These bidding sites publicly advertise jobs to their entire workforce, sometimes even publicly to the world. But they also show off quite a bit about the bidding process. You can often see who else is bidding and how much they've quoted to the potential client. So, take a new freelancer who doesn't know which leg to stand on, throw them into a public auction through which they are trying to get hired to make money, and what do you get?
A race to the lowest bid.
So, every project gets dozens, sometimes even hundreds, or bids placed on it by freelancers of various skill and experience level – not just experience in writing, but experience in running a business and bidding.
Another disadvantage of these freelance bidding sites are how they make their money. Let me give you a hint: if you are able to use a site for free, then you are not the site's client — you are the product the site is selling to their clients.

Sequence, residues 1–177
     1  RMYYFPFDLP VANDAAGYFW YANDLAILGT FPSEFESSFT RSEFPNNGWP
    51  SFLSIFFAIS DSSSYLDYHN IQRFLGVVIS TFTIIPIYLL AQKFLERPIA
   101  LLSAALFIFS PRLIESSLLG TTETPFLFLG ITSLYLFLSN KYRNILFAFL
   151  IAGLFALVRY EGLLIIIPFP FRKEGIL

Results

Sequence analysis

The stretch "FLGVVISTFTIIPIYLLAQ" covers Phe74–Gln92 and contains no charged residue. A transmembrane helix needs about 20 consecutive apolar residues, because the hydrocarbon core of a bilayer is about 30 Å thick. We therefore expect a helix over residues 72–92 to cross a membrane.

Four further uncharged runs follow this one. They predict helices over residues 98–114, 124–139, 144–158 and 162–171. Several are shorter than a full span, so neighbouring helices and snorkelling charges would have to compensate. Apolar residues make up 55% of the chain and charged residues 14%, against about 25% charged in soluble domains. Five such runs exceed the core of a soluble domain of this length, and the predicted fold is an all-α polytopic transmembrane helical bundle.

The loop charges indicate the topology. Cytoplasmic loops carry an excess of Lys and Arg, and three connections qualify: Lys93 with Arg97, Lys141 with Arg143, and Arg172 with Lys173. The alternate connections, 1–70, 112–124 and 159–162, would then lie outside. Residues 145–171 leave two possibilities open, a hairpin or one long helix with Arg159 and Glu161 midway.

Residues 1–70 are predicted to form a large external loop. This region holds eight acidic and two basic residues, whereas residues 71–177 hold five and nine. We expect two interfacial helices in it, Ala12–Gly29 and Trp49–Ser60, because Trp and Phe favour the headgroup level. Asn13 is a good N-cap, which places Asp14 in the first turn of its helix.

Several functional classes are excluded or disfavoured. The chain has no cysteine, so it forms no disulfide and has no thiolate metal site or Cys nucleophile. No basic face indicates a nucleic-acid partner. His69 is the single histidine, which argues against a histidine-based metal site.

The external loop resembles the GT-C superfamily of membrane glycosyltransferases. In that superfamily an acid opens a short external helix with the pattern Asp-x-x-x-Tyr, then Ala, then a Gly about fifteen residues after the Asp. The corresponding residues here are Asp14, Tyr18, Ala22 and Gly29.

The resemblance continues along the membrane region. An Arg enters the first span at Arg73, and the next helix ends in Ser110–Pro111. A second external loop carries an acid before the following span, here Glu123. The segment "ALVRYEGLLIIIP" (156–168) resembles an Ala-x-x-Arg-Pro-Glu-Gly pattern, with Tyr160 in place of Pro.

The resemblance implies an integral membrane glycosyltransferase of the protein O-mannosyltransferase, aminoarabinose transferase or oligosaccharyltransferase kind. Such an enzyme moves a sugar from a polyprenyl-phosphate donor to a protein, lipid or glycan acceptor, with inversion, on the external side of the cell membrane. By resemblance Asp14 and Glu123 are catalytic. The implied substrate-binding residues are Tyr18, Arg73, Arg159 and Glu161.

Most of these sites operate by allowing freelancers to sign up and bid on projects for free. Now, yes. They make their money in a variety of ways:
- Listing fees
- Bidding fees
- Percentage of payment transactions
- Rush order fees
- Featured or highlighted fees
And, yes, it's true that as a freelance writer you can pay membership fees. But let's take a look at what happens when a client or buyer pays money versus when a freelancer pays money. When a client or buyer pays extra money to the platform, they get recruiting services that will help them match up with better freelancers. They get rushed services and highlighted listings — they get better products, right?
What do freelancers get when they pay higher fees? The chance to bid on more projects, but not necessarily better clients. Not better projects, not higher pay, not better benefits related to the projects. They might get to highlight their bid to make it easier for the client to find them but they don't necessarily get a better client.